Big Data, Medicine and You Creative Commons, Attribution alone (BY)
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Authors: Agnese Collino, Chiara Segré
Medicine
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The global bio-economy is generating new paradigm-shifting practices of knowledge co-production, such as collective innovation, large-scale global science and consortia ethics. In this module, we will give a glimpse of promises and challenges of Big Data in health-related fields. In some cases of Big Data collection and analysis, single citizens can contribute to science progress together with scientific community and even help to outline the future directions of science research. The classical walls between experts and common people are breaking down.
Technical requirements
  Computers, Internet Connection, Navigation Browsers installed on computer.
Knowledge acquisition gain
  Understanding the new concepts of participation in the process of building science knowledge: also single citizens can contribute to science progress together with scientific community and even help to outline the future directions of science research. The classical walls between experts and common people are breaking down. The pros and cons and the ethical and social implications will be discussed.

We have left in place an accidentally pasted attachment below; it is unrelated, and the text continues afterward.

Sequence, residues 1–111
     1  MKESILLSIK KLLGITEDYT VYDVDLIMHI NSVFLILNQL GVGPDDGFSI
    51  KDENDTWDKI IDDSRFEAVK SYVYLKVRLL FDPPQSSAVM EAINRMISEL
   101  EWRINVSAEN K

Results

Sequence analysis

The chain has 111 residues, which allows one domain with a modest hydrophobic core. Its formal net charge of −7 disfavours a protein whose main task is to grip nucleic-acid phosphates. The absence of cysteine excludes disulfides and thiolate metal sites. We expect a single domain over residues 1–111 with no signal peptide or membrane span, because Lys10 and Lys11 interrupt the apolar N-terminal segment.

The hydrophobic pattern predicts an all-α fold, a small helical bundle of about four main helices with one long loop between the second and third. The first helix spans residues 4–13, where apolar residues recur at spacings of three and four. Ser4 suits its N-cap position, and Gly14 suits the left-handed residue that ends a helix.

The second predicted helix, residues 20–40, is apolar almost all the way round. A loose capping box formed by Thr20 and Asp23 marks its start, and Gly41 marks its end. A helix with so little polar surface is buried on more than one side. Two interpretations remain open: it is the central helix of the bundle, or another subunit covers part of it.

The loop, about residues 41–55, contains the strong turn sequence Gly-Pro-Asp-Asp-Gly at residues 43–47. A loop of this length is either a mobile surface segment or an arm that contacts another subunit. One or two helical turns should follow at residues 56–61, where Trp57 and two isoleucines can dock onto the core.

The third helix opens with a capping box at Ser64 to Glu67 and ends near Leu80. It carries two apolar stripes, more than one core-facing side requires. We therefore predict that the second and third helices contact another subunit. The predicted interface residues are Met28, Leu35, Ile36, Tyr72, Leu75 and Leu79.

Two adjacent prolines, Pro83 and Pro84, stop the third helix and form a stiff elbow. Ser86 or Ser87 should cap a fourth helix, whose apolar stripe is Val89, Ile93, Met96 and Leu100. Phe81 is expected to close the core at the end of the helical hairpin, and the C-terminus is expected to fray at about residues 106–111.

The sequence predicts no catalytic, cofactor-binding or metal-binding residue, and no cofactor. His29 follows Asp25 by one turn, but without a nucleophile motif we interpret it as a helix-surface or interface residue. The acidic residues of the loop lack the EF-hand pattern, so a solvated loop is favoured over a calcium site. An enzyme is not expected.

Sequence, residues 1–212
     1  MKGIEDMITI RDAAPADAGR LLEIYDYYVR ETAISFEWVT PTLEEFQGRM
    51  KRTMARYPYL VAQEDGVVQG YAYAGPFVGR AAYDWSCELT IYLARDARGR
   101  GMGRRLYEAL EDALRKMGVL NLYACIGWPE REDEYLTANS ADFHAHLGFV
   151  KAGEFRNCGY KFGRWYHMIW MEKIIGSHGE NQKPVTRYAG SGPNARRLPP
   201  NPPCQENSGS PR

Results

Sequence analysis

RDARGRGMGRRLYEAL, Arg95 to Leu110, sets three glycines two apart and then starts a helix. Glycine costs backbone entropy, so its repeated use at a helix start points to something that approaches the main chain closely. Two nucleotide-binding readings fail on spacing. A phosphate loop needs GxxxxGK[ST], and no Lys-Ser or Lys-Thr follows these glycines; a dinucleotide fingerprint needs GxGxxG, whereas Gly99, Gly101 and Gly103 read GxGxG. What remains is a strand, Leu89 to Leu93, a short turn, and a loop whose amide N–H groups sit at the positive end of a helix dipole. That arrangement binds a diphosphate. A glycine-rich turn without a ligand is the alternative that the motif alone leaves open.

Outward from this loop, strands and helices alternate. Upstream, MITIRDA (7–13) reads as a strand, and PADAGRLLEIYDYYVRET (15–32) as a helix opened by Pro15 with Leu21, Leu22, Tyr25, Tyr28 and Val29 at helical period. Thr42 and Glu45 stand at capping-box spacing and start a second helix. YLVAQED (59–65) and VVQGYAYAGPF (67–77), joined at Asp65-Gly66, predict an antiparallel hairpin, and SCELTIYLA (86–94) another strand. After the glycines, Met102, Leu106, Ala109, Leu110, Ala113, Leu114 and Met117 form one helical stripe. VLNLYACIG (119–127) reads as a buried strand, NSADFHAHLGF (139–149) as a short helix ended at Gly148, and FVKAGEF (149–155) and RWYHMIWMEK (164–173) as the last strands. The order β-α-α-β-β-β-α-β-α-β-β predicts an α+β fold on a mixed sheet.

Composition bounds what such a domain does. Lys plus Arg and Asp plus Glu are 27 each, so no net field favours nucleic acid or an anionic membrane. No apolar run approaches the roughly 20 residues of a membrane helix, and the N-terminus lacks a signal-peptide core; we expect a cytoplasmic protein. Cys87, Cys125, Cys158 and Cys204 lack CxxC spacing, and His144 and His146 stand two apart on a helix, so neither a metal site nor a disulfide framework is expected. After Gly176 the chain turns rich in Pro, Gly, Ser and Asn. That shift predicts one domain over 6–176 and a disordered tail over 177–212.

Workforce in Medicine

In the EU, jobs for health professionals - such as health practitioners, nursing professionals, and paramedicals - grew by 9% in the past five years. Jobs for health associate professionals - such as lab technicians and medical assistants - grew by 13%. Overall, they account for 6% of all jobs in the EU. As of 2016, around 13 million European health workers are employed. Most of them work in the health & social care sector. A small minority of health professionals works in other sectors - for example as consultants, professors, or public servants. In the next years, jobs for health professionals will increase by 5%, and jobs for health associates will increase by 10%.